Berkeley ENGLISH 102 - Learning and individual differences (21 pages)

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Learning and individual differences



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Learning and individual differences

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Pages:
21
School:
University of California, Berkeley
Course:
English 102 - Topics in the English Language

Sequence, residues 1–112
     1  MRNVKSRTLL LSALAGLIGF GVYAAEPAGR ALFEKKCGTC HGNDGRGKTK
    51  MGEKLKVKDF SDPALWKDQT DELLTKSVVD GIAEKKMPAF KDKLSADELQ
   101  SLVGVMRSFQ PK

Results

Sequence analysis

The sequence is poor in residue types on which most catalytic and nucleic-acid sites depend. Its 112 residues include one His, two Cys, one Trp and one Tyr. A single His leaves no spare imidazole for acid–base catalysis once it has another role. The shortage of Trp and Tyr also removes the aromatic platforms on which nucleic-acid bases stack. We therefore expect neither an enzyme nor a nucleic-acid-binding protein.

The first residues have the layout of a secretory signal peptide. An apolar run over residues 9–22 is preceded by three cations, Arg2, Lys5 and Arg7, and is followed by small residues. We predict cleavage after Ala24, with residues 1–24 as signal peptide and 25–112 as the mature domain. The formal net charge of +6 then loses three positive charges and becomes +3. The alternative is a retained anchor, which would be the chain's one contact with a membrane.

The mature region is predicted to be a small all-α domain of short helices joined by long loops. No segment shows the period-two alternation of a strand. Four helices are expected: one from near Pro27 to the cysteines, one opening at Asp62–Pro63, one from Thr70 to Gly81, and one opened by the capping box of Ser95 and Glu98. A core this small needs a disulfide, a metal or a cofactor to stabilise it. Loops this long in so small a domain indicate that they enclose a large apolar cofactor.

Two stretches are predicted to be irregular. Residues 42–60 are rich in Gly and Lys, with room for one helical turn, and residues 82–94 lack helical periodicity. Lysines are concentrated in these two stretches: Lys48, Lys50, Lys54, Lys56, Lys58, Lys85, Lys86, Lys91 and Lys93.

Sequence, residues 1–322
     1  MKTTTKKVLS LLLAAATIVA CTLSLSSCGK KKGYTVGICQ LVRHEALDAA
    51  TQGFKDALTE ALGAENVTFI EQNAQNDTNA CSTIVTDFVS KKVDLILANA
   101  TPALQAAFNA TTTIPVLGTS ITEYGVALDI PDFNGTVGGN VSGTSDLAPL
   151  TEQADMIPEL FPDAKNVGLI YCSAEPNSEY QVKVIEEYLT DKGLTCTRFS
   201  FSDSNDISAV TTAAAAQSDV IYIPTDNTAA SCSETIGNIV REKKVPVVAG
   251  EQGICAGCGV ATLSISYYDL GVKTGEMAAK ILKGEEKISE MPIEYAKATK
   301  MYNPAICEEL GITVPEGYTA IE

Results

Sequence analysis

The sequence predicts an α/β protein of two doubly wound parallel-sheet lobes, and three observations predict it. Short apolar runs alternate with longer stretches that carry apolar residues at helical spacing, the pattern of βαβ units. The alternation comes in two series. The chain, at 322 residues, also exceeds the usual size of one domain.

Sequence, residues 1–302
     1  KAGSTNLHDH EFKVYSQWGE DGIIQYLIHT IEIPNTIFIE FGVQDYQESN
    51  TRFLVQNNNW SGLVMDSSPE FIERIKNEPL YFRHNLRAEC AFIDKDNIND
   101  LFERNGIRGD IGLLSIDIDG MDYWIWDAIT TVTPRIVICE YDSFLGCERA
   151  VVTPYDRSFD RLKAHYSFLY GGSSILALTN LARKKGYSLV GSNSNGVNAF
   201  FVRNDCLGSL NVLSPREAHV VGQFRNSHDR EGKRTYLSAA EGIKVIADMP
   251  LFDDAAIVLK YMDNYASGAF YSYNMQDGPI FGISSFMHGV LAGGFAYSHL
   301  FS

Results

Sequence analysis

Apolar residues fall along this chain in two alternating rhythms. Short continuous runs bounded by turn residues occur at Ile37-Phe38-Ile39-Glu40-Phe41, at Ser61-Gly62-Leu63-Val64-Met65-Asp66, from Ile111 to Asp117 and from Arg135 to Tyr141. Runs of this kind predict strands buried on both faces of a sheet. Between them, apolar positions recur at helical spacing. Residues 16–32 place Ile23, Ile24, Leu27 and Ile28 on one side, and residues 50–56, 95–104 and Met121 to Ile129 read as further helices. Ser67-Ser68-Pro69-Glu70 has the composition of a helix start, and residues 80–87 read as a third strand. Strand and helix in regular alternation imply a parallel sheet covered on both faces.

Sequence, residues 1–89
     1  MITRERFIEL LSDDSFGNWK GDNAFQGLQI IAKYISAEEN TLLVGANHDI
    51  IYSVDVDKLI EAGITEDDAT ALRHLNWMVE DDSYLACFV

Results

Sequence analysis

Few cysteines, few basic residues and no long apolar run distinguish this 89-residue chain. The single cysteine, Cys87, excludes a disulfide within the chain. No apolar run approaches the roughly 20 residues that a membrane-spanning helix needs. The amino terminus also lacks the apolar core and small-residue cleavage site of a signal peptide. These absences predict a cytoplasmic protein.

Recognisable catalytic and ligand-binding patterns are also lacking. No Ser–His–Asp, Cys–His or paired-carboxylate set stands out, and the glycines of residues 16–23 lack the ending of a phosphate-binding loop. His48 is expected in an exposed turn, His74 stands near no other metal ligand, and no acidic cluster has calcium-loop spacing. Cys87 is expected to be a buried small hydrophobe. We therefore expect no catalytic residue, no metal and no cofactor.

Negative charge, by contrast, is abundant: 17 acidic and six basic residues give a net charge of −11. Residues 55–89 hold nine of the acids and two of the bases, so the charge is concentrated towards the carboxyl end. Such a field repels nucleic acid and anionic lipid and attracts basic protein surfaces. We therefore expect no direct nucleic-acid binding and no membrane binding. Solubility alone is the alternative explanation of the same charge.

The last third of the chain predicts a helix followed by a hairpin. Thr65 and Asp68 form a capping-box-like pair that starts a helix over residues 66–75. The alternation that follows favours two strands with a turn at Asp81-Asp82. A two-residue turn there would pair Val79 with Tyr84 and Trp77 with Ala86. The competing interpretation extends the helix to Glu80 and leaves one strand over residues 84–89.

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Learning and individual differences Author Manuscript HHS Public Access Gender Differences in Child Word Learning Margarita Kaushanskaya Megan Gross and Milijana Buac Additional article information Abstract In prior work with adults women were found to outperform men on a paired associates word learning task but only when learning phonologically familiar novel words The goal of the present work was to examine whether similar gender differences in word learning would be observed in children In addition to manipulating phonological familiarity referent familiarity was also manipulated Children between the ages of 5 and 7 learned phonologically familiar or phonologically unfamiliar novel words in association with pictures of familiar referents animals or unfamiliar referents aliens Retention was tested via a forced choice recognition measure administered immediately after the learning phase Analyses of retention data revealed stronger phonological and referent familiarity effects in girls than in boys Moreover girls outperformed boys only when learning phonologicallyfamiliar novel words and when learning novel words in association with familiar referents These findings are interpreted to suggest that females are more likely than males to recruit native language phonological and semantic knowledge during novel word learning Keywords word learning gender differences phonology semantics 1 Gender Differences in Child Word Learning The degree to which a novel word conforms to the properties of known words can influence its learnability In general research suggests broad familiarity effects in learning where novel words that are more familiar in form and or meaning are retained better than novel words that are less familiar e g Ellis Beaton 1993 Service Craik 1993 Storkel 2001 However women may be more sensitive to such linguistic familiarity effects than men e g Kaushanskaya Marian Yoo 2011 Although the mechanisms that underlie gender differences in language processing remain controversial one theoretical framework the Declarative Procedural Model attributes gender differences in language acquisition and processing to women s superior declarative memory system Ullman et al 2001 2004 2005 2008 Thus women generally tend to outperform men on tasks that engage long term linguistic knowledge such as verbal fluency and synonym generation tasks e g Herlitz et al 1999 Kimura Harshman 1984 Loonstra Tarlow Sellers 2001 Larsson Lovden Nilsson 2003 Maitland et al 2004 In our recent work we examined gender differences in word learning within the Declarative Procedural framework and demonstrated that women outperformed men on a lexical learning task but only when the novel words were constructed using native language phonological categories Kaushanskaya Marian Yoo 2011 These findings were interpreted to suggest that when learning can be supported by the declarative memory system i e long term linguistic knowledge as is the case for phonologicallyfamiliar novel words women outperform men The goal of the present study was to examine whether similar gender differences in lexical learning can be observed in childhood We contrasted learning of phonologically familiar and phonologicallyunfamiliar novel words by children in order to test phonological familiarity effects in novel word learning across genders We manipulated phonological familiarity categorically by contrasting novel words that were constructed using familiar English phonemes with novel words that incorporated unfamiliar non English phonemes We also contrasted the learning of familiar and unfamiliar referents in order to test semantic familiarity effects in novel word learning across genders We hypothesized that if gender differences in lexical learning are driven by females reliance on long term linguistic knowledge girls would outperform boys only when learning phonologicallyfamiliar and semantically familiar novel words We also hypothesized that girls would show stronger phonological and semantic familiarity effects than boys 1 1 Gender Differences on Linguistic Tasks The presence of gender differences on linguistic tasks is not a uniform finding While many previous studies have suggested that adult women tend to outperform adult men on linguistic processing tasks e g Herlitz et al 1999 Kimura Harshman 1984 Loonstra Tarlow Sellers 2001 Larsson Lovden Nilsson 2003 Maitland et al 2004 a similarly large number of studies documented a lack of differences between adult males and females on language tasks e g Allendorfer et al 2012 Halpern 2000 Jackson Rushton 2006 Kimura 1999 Ryan Kreiner Tree 2008 Similarly in childhood some studies show evidence for lack of gender differences on cognitive tasks that include language measures e g Ardila et al 2011 while others demonstrate consistent and stable gender differences in language development over the first six years of life e g Bornstein Hahn Haynes 2004 Studies that do document gender differences on language measures in childhood generally find that girls outpace boys e g Bornstein Hahn Haynes 2004 Eriksson et al 2012 Gender differences in language acquisition appear very early in life For example girls have been shown to outperform boys as early as 6 months of age on measures related to sensory discrimination of speech sounds e g Pivik Andres Badger 2011 Gender differences in language acquisition are also largely stable with longitudinal studies showing that when girls outperform boys at the first time point these advantages generally sustain with age e g Bornstein Hahn Haynes 2004 Eriksson et al 2012 However patterns of increased gender differences with age e g Bauer Goldfield Reznick 2002 Bouchard et al 2009 Dodd et al 2003 Eriksson et al 2012 and of reduced gender differences with age e g Bornstein Hahn Haynes 2004 have also been reported One account of gender differences in language acquisition the Declarative Procedural model posits that gender differences in language acquisition are rooted in how language is used by males vs females This model proposed by Ullman and colleagues 2001 2004 2005 2008 localizes the female advantage on linguistic tasks to the declarative memory system Unlike procedural memory which underlies acquisition of skill declarative memory underlies explicit learning and retrieval of information and is linked to the ability to store and operate knowledge of facts and events e g Mishkin et al 1984 Squire et al 2004 The declarative memory system has been localized to the